A whistleblower says a budget airline's summer bonuses encourage pilots to try to fly more hours

·3 min read
Wizz Air operates 1,000 routes around Europe, Africa, Asia and the Middle East
Wizz Air is Europe's third largest low-cost regional airline.Getty Images
  • Wizz Air's bonus scheme encourages to pilots to try to work more hours, a whistleblower said.

  • If pilots are tired, they can take sick leave but they "lose financially," they told Dispatches.

  • "We are clear that pilots must not work if they are fatigued," a Wizz Air spokesperson told Insider.

A whistleblower has claimed that a European budget airline's bonus scheme encourages them to try to fly more hours, according to investigative program Dispatches.

Wizz Air, Europe's third-biggest budget carrier, is suffering from a staff shortage and is encouraging crew members to work longer hours, the whistleblowing pilot who works for the airline told Channel 4's "Airport Chaos Undercover: Dispatches." The program airs on Monday evening, according to The Times.

"There is pressure for us to help out by flying on our days off," the anonymous whistleblower told Dispatches.

"There is also a summer bonus scheme that encourages pilots to fly more hours," the whistleblower told Dispatches. "You can report sick if you are fatigued, but you will lose financially."

"Our crews are paid extra if they work additional hours over the summer but we do not allow — nor do we incentivize — pilots to exceed the legal flying limits set out by the regulators," a Wizz Air spokesperson told Insider. "Regardless of recent flight time they have logged, we are clear that pilots must not work if they are fatigued."

The spokesperson said it's a legal requirement for pilots to report fatigue and for this they face no financial penalties. If Wizz Air pilots report fatigue and the airline can't find other pilots to cover the job, then the flight will be cancelled, per the spokesperson.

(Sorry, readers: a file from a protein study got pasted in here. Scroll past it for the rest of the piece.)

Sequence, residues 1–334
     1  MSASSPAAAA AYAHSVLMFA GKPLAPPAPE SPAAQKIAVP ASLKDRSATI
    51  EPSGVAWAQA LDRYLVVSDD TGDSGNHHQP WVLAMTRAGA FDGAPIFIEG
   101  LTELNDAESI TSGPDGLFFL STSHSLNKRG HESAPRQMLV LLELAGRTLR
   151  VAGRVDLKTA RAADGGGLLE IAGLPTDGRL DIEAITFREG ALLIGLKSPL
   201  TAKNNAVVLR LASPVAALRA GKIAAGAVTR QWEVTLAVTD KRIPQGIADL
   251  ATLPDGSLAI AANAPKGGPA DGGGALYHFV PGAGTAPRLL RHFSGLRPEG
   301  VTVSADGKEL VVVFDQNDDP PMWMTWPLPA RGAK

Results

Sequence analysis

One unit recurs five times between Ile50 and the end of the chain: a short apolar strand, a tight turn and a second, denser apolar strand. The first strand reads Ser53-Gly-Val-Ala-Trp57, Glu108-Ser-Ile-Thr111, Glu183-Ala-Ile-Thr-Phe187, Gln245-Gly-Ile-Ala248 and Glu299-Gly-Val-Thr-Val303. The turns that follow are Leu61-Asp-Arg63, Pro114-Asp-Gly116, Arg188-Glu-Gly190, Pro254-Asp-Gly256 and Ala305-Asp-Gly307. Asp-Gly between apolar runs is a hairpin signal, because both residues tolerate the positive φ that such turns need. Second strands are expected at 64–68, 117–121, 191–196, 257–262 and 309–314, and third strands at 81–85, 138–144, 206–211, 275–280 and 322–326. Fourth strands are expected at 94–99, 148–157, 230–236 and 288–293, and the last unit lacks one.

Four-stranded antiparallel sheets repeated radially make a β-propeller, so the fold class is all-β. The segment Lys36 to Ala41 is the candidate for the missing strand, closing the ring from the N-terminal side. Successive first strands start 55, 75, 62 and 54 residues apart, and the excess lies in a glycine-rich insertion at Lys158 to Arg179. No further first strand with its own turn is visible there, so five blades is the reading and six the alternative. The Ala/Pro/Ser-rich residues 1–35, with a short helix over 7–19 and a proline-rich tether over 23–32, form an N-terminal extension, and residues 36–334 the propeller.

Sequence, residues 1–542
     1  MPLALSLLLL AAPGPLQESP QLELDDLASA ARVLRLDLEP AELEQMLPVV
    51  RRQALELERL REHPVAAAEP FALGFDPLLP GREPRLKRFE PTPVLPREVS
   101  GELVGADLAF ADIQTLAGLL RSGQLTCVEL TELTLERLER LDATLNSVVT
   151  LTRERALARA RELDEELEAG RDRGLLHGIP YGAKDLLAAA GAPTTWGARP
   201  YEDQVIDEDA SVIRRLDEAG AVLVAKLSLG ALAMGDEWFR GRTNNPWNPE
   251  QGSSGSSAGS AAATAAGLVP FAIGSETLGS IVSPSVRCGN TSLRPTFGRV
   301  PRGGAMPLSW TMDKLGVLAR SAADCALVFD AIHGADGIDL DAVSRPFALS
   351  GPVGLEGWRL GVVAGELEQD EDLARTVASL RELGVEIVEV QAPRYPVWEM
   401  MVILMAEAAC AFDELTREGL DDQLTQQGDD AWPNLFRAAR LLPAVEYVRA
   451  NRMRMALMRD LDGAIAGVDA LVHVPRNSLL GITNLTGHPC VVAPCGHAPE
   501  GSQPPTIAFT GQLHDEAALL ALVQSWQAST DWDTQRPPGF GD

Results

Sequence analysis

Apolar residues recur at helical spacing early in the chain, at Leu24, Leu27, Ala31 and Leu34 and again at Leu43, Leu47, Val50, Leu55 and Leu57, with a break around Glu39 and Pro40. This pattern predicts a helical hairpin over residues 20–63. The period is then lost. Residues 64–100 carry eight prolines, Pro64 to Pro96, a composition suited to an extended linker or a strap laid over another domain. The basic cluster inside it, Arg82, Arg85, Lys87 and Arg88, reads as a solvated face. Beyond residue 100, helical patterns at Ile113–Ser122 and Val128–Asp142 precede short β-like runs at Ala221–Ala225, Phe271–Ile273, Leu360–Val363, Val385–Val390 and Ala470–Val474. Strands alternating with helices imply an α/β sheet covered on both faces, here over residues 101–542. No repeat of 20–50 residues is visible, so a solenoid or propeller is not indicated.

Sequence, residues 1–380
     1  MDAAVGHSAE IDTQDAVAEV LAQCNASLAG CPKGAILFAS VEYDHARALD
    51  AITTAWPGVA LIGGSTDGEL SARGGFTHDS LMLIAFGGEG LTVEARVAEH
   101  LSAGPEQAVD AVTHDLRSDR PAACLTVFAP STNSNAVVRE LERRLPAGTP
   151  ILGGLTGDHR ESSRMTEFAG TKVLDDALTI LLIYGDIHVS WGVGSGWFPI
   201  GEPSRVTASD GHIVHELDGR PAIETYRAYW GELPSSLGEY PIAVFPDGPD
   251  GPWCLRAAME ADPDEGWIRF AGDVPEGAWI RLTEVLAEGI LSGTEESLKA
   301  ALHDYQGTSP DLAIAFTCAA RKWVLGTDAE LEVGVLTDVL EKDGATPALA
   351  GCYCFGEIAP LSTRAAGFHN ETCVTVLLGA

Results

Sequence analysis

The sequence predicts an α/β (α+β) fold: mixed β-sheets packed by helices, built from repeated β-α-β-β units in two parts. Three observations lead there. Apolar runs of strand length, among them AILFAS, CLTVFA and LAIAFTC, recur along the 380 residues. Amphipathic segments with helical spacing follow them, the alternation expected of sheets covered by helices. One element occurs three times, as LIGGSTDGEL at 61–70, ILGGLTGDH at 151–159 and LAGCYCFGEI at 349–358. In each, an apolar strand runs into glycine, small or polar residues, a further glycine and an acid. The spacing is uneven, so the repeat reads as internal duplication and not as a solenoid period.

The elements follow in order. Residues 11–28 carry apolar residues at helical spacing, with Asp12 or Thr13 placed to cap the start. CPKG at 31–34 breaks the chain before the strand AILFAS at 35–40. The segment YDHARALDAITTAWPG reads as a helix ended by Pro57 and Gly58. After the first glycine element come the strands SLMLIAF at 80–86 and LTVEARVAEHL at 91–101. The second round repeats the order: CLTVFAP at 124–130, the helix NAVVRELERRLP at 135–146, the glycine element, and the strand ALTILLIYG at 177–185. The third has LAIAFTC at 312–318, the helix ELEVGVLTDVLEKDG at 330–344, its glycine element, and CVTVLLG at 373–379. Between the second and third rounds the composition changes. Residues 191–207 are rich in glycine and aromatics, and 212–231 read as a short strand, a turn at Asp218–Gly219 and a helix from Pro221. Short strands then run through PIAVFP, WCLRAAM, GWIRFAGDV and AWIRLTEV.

"We will not hesitate to cancel flights whenever necessary to guarantee safety," the spokesperson for Wizz Air said. "Regardless of the challenges our business and the wider industry are currently facing, Wizz Air will never compromise on safety."

The spokesperson said Wizz Air operated a "fatigue-management system" that was in line with legal requirements.

The Civil Aviation Authority (CAA) says on its website the maximum flying time for a commercial pilot is 100 hours in 28 consecutive days.

The whistleblower's comments follow suggestions from Wizz Air CEO József Váradi in June that employees should work harder even when they are feeling exhausted, per a video clip tweeted by European Cockpit Association (ECA).

"We are all fatigued, but sometimes it is required to take the extra mile," Váradi said in a briefing, per the video clip.

Váradi was met with backlash from the union, which wrote to European safety regulators regarding its concern about Wizz Air's corporate culture, according to a letter seen by The Financial Times.

The safety regulator then told Insider it was investigating the allegations about Wizz Air encouraging fatigued staff to work, to determine whether further action was necessary.

It comes at a time when airlines are struggling to juggle various issues in the industry, including a shortage of workers, increased travel demand post-pandemic, and rising fuel prices.

The Dispatches program also showed a clip of angry passengers crawling through a baggage conveyor belt to find their luggage after a 90-minute wait.

Read the original article on Business Insider